The Unemployment Rate in Every Region of Europe

By Taps Coogan

The following map, from Eurostat, shows the unemployment rate in every region of Europe and Turkey as of 2017.

As the map clearly illustrates, there is a sharp divide between the low unemployment rates (blue) that persist in nearly every region of ‘Northern Europe’ and the higher unemployment rates that persist virtually everywhere else (tan, orange, and red). Germany, Switzerland, Austria, the Netherlands, the UK, Norway, and Denmark have only a few regions where the unemployment rate exceeds 5.7% and just one where the unemployment rate exceeds 9.5%. Conversely, there are only two regions/counties within all of France, Spain, Portugal, Italy, Greece, Ireland, Finland, Estonia, Latvia, Lithuania, Croatia, and Slovenia where the unemployment rate is below 5.8%, a level generally considered to indicate a healthy labor market.

The economic division and nonperformance of the European Union is a theme that we have discussed frequently here at The Sounding Line. The EU is experiencing: falling wages, growing economic inequality, declining workforce participation, some of the worst bad debt ratios in the world, the highest effective tax burden in the developed world, nearly the slowest inflation adjusted economic growth in the world this century, the highest concentration of public workers among developed economies, surging capital flow imbalances, and declining productivity. All of this is has happened despite the European Central Bank maintaining interest rates at record negative lows and printing more money than any other central bank in the history of the world. Despite all of this, despite UK voters deciding to leave the EU nearly two years ago, and despite Italian voters’ recent abandonment of pro-EU parties, the leadership of the EU has put forward virtually no concrete structural, regulatory, or tax reforms to make the EU’s economy more competitive. To the contrary, the EU appears to be doubling down on higher taxes and more federalization.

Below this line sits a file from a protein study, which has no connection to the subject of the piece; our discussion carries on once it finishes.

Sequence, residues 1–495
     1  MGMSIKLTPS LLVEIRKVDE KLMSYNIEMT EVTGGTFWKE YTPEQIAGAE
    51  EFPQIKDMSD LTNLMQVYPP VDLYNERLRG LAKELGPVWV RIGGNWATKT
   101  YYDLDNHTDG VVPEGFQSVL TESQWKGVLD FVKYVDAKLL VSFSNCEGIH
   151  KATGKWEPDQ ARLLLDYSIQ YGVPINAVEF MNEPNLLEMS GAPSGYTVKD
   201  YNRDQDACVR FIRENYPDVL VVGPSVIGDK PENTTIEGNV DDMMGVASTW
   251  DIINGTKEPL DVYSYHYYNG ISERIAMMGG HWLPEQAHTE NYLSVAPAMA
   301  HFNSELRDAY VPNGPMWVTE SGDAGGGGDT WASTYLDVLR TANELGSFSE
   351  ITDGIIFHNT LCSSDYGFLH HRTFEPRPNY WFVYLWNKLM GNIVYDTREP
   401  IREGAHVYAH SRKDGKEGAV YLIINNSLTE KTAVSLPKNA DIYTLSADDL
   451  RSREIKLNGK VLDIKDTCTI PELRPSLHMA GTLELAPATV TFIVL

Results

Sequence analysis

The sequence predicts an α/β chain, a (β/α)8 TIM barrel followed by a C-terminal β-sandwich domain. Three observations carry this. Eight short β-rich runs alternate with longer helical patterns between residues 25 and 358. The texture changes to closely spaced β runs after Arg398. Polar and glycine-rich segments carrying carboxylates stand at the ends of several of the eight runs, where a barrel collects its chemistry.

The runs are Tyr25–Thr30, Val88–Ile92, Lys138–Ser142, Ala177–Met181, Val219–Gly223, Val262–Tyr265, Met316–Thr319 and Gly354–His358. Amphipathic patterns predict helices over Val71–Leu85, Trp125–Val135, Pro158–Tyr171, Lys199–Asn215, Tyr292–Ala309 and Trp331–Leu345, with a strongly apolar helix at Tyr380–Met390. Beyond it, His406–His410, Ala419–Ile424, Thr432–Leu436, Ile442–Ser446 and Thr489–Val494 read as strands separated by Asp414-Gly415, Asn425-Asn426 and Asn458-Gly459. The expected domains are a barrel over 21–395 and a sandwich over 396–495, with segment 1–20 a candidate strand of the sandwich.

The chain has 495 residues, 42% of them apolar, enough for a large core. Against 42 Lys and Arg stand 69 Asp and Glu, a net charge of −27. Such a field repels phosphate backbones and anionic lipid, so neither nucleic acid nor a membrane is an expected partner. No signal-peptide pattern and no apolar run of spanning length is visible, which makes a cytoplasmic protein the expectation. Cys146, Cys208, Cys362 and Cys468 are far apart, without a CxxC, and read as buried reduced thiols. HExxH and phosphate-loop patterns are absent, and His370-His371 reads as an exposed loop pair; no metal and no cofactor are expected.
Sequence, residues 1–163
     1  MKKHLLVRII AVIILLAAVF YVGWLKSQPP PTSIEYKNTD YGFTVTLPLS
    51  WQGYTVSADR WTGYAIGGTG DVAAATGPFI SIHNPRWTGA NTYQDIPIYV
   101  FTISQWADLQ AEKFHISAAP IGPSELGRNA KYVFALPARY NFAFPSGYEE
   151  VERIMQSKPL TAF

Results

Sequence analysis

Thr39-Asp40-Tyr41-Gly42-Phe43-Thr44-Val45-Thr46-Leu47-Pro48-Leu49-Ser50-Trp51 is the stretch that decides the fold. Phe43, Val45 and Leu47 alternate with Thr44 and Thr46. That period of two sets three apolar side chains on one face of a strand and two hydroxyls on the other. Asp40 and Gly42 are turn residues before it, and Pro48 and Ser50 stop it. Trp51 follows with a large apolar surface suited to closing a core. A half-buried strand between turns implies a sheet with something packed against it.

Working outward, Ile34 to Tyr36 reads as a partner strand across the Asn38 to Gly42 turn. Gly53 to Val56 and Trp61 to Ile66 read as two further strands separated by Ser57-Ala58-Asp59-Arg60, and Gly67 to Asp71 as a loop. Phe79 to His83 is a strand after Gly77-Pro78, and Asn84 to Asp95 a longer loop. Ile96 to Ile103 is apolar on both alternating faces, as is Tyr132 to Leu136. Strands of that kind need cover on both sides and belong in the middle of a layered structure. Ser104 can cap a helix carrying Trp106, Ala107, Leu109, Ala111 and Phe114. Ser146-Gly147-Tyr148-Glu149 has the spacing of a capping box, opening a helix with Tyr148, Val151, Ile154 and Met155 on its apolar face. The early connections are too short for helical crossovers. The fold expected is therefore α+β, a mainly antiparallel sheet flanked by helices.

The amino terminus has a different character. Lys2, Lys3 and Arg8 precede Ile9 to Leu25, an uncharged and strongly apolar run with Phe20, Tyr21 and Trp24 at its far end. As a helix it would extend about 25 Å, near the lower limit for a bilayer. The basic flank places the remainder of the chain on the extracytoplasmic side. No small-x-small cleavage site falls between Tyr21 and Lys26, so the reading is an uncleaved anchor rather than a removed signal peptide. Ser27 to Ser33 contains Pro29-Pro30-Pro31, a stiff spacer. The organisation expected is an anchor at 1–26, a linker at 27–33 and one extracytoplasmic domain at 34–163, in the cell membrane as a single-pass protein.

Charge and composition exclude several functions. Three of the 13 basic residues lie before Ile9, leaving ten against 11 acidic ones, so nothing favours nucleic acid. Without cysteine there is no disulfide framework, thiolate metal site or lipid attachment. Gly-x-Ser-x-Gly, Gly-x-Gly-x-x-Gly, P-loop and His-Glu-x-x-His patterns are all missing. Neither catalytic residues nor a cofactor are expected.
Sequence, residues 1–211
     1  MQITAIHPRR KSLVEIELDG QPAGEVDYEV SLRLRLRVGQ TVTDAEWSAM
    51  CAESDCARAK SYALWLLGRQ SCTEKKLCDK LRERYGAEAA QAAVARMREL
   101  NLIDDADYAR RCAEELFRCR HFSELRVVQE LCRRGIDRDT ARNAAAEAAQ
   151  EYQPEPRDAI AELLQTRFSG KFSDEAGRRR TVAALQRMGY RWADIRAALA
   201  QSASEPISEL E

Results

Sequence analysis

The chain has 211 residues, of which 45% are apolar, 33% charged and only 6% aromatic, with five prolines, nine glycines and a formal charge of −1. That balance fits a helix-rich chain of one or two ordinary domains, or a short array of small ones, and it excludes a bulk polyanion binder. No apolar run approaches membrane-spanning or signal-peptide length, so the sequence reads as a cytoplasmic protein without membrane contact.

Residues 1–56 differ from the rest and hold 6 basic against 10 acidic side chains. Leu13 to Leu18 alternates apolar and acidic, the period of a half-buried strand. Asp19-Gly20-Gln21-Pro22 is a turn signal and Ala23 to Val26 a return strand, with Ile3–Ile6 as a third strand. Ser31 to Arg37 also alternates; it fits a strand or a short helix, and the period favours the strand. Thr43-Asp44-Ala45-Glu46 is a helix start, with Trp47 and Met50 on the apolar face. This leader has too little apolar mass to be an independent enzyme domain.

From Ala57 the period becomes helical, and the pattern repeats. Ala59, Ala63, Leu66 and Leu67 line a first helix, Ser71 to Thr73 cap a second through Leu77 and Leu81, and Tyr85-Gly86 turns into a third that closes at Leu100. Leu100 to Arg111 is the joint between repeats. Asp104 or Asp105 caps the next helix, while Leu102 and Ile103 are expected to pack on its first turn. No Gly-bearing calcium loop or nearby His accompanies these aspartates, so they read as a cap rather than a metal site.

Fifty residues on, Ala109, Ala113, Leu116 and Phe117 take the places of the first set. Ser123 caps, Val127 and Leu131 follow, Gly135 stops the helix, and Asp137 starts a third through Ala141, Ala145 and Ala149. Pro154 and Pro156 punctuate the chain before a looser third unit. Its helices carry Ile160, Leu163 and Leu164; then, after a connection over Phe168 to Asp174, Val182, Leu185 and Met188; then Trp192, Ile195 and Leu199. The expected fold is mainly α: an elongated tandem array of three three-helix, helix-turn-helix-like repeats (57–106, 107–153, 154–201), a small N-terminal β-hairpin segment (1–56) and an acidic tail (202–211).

Just imagine what will happen whenever the next recession eventually arrives.

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